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Pioneer Editorial: Prevailing wage yields living wages

Some $9 billion is headed to Minnesota in federal stimulus monies, funds that will fulfill a variety of needs.

Some will help soften the state's budget deficit for the next two years. Some will help keep people on public assistance health care. A large portion will help lower taxes of working Minnesotans. And another large portion will provide thousands of jobs through funding for roads and bridges.

Coupled with the potential of a $300 million-plus capital bonding effort by the state of Minnesota, millions of dollars will go for construction projects throughout the state -- from repairing college buildings to reconstructing worn state highways. It all means jobs to stimulate the economy.

On Wednesday, two Republican state lawmakers -- Sen. Chris Gerlach of Apple Valley and Rep. Steve Gottwalt of St. Cloud -- introduced legislation calling for a "timeout" on prevailing wage mandates. Their bill would suspend prevailing wage for the calendar year following a November budget forecast of a 1-percent deficit or greater.

They argue that state law requires contractors to pay on state projects a "super-minimum wage" that inflates the cost of construction. They proffer that prevailing wage adds 7 to 10 percent to the total cost of the project.

Such a change, however, is counterproductive. Minnesota's prevailing wage law, on the books since 1973, simply requires contractors on state-funded projects to pay workers according to wage rates comparable to wages paid for similar work in the area where the project is built. It's not union scale, nor is it a system that "is deliberately biased to ensure that high wages are paid," as Sen. Gerlach said.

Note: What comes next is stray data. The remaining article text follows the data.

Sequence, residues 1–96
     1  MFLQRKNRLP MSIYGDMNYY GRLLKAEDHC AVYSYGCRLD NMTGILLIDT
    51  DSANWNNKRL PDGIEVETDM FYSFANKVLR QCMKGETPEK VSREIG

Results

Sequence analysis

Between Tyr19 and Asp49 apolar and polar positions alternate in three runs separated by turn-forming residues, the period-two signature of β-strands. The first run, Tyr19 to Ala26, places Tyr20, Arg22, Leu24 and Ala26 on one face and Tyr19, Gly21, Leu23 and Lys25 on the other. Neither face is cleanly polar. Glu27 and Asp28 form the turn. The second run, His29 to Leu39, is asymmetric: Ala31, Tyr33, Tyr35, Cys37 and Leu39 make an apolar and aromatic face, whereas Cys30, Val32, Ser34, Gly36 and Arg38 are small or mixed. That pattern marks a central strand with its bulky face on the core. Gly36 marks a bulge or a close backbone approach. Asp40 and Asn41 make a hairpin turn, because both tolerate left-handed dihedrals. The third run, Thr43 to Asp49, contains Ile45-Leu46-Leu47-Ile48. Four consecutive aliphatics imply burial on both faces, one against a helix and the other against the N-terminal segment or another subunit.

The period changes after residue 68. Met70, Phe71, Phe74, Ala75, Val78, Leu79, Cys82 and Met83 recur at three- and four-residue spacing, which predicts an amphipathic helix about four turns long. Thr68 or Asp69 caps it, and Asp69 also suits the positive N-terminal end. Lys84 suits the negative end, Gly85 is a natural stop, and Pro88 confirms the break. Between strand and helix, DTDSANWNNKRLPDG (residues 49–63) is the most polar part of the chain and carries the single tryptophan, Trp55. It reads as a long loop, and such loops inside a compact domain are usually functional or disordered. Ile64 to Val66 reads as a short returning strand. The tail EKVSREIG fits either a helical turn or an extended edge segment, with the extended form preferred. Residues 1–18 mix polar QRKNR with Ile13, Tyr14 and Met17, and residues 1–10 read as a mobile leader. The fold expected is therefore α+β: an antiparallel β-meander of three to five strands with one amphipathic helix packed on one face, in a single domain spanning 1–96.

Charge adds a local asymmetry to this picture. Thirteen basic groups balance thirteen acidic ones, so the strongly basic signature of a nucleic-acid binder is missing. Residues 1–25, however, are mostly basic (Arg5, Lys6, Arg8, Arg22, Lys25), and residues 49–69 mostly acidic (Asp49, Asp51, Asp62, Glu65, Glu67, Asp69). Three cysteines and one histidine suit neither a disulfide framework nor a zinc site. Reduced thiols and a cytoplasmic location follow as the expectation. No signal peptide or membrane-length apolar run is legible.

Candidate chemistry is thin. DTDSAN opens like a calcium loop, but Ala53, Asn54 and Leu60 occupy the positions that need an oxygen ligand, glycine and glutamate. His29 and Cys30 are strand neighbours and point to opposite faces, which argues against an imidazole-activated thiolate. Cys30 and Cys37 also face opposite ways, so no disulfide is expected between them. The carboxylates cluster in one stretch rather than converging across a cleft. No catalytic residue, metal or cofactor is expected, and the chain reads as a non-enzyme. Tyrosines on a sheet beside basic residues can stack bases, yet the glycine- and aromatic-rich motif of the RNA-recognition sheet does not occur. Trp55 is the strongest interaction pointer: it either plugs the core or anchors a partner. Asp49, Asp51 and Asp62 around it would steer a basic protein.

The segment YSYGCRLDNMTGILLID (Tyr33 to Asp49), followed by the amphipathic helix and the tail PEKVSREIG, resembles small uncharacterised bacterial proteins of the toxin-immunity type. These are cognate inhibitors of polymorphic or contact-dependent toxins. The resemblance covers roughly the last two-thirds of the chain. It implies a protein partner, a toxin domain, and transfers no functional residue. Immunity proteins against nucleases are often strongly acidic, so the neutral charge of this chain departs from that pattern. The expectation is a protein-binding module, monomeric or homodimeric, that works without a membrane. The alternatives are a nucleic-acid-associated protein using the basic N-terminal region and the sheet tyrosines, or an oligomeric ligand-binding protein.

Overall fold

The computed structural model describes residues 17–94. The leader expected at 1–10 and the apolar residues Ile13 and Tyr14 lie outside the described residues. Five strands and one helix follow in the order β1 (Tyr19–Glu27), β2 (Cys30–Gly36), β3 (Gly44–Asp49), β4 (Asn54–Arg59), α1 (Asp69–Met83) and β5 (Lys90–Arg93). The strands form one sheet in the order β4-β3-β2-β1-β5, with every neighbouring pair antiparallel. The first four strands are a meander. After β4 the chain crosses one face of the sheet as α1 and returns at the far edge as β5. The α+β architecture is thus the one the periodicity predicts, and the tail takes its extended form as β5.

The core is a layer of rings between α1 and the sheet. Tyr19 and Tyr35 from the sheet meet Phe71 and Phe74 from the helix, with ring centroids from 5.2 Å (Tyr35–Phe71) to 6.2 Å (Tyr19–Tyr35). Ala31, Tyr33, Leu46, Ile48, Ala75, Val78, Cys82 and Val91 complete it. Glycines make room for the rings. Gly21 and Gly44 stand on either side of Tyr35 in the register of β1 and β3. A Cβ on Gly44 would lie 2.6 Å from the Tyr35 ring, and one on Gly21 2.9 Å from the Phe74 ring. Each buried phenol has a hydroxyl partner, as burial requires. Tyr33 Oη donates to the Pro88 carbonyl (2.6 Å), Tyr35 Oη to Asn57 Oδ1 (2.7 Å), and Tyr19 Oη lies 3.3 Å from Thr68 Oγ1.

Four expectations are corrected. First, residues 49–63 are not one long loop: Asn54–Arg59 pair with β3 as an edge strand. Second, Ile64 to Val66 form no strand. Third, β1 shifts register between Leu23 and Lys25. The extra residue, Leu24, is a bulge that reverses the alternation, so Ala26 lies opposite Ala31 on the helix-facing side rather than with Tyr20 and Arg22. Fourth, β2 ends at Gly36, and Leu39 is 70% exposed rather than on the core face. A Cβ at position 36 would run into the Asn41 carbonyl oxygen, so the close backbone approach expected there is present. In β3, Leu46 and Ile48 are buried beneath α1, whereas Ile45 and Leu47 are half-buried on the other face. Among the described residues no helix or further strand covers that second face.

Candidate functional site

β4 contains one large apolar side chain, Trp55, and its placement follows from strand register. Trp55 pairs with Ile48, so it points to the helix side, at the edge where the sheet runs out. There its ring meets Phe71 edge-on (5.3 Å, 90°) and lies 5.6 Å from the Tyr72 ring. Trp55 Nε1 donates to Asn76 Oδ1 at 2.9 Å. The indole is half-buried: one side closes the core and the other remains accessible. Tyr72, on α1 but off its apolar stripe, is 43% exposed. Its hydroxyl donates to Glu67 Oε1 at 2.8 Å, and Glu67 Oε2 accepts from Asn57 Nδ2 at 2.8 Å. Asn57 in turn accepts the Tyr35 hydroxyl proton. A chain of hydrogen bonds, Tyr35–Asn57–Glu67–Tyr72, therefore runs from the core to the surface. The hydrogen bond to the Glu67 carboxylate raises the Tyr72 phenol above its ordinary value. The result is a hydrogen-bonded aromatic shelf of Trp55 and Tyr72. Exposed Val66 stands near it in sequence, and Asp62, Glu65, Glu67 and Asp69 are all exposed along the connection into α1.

It is a system that allows local contractors to compete with low-cost out-of-state contractors to even the playing field. Plus it is an effort to provide living-wage jobs, which should be the goal of the stimulus funding.

We don't just want to put people back to work at minimum wage jobs; we want them to have meaningful jobs that allow them to take care of their family's needs.

Much of the federally paid work under the stimulus package is similarly covered with Davis-Bacon laws which call for the same prevailing wage formula. Why should Minnesota be different in offering construction work with low-cost employees?

Beltrami County required prevailing wage on its recent spurt that completed its downtown campus. It allowed local contractors to successfully compete for much of the work and allowed good-paying wages. And it saw much of the work come in under budget -- a statistic at odds with Gerlach's and Gottwalt's claim that prevailing wage adds to construction costs.

Paving the way for cheap labor is not economic stimulus, and suspending the state's prevailing wage laws would do just that.